Spend now, worry later

The White House is asking for the remainder of the money from the $700bn Troubled Asset Relief Programme, and Congress looks likely to dole it out despite growing criticism about how the money has thus far been used and how little really is known about just how it has been used.

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The White House is asking for the remainder of the money from the $700 billion (Dh2.57 trillion) Troubled Asset Relief Programme, and Congress looks likely to dole it out despite growing criticism about how the money has thus far been used and how little really is known about just how it has been used. This will undoubtedly please the chorus of economists clamouring for greater fiscal stimulus to prevent a deeper slide in global growth. The gist is the same: we need more money, everywhere, anywhere, now. We'll obviously have to deal with the consequences later. The waste, the corruption that will inevitably result.

It is interesting, though, how few economists are now sticking to a strictly free-market orthodoxy and saying governments should allow financial institutions to fail and for free markets to clean up the economic fallout organically. Few sane people now fail to understand just how disastrous that would be. Funds are still creeping into emerging markets in a sheepish bet on a recovery later this year. But the New Year's rush into risk appears to have abated, and the dollar is regaining strength as a safe haven and as investors look to the 'Great Obama Stimulus Package' after Jan 20. This will apparently include tax incentives for capital investment, but not for keeping people employed - Democrats strangely oppose the latter.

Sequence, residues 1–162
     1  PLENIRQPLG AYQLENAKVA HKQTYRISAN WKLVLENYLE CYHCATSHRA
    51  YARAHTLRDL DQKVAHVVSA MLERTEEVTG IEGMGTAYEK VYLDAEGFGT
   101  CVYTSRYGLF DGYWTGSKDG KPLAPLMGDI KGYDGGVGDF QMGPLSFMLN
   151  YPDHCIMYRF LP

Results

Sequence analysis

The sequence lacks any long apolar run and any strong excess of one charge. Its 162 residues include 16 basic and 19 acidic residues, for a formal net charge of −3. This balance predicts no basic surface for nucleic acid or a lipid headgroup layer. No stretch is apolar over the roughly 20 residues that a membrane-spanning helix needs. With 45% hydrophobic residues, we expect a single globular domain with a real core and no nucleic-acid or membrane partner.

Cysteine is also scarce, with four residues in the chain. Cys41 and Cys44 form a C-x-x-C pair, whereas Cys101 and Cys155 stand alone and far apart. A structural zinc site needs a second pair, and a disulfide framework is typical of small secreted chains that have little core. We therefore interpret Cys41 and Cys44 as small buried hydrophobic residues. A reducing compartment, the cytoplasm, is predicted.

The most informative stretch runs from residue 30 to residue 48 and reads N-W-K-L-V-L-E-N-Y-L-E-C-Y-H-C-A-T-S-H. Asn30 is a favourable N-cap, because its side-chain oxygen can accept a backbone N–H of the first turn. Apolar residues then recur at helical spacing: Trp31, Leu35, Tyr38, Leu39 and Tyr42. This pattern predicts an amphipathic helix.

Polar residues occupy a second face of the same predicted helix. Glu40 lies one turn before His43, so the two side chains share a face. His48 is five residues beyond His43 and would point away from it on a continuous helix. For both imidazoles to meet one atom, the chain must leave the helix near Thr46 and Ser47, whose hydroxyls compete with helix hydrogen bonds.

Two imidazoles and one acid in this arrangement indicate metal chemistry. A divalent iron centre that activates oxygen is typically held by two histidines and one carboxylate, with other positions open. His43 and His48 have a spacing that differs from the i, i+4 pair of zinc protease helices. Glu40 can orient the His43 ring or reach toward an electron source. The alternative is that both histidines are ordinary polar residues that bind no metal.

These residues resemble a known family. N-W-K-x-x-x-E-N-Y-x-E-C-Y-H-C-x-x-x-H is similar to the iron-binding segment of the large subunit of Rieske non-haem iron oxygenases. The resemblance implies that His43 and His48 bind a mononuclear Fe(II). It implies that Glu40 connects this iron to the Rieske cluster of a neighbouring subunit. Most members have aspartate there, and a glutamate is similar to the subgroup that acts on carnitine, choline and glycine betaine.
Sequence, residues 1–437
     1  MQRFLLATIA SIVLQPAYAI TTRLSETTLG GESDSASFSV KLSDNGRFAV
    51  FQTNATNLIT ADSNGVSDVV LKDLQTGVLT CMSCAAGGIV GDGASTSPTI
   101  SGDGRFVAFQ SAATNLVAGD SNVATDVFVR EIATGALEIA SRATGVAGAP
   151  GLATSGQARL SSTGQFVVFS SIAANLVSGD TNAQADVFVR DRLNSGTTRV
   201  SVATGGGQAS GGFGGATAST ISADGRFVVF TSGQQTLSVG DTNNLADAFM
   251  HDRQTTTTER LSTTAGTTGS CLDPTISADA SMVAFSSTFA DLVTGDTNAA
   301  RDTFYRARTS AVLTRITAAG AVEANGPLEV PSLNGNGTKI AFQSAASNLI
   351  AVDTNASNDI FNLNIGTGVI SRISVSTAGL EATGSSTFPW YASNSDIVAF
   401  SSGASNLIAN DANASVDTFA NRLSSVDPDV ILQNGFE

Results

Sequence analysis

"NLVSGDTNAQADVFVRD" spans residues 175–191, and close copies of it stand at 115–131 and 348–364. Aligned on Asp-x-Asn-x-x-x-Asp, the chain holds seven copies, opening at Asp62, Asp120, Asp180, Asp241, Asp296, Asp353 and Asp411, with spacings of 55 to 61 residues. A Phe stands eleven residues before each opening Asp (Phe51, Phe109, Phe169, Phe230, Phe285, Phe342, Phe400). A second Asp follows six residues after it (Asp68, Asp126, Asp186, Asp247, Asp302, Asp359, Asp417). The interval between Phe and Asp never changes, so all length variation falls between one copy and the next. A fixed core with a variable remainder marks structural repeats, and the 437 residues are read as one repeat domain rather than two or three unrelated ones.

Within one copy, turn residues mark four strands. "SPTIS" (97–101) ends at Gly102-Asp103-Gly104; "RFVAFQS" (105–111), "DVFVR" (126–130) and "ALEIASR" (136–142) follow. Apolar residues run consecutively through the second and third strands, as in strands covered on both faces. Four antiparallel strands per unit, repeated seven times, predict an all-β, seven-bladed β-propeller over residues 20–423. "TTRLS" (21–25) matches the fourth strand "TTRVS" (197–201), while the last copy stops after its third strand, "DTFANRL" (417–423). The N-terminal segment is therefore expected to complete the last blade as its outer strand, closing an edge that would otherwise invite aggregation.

Some investors are also betting that even the $1 trillion-odd that Washington will need to borrow isn't that much considering the global appetite for the relative safety of US dollars. Yes, the US economy has been mismanaged, its financial industry left to rack and ruin, but it may still be the best-run economy around. The US, therefore, may enjoy some sort of second-half market recovery if only credit markets stay thawed and the machinery of Wall Street can be repaired. A combination of Smith Barney with Morgan Stanley's retail brokerage unit might be a step in that direction. If it works, there may be a revival of investment once the dust settles surrounding the economy's hard landing. Look first for a bottom in corporate earnings.

The situation in the UAE, where one emirate is pledging to go into deficit amid questions over its ability service existing debt, is being mirrored in the US, where many states are raising spending despite falling revenues and rising funding costs. In both cases, federal funds may be the only answer. In the US, this will undoubtedly come at a cost, both financially and especially politically, to states that still proudly exercise their constitutional right to tax and spend. In the meantime, regional economists are gradually tapping down their forecast for economic growth, or the lack thereof. Some are now predicting recessions in the UAE and Saudi Arabia this year. The notion that the region would escape the global crisis seems long forgotten. Only regional consumers - or employees would be another way of putting it - remain in the dark, according to a MasterCard survey that shows resilient confidence in spite of falling housing allowances, rising unemployment, easing property prices and cooling growth. The latest Colliers survey points to lower prices quarter-on-quarter in Dubai. But let's not lose our heads here: the survey also says prices in Q4 were still up 59 per cent from the same period in 2007. That's a pretty respectable return if you're a property investor, unless of course you were one of those people hoping to sell your flat in just a few months. warnold@thenational.ae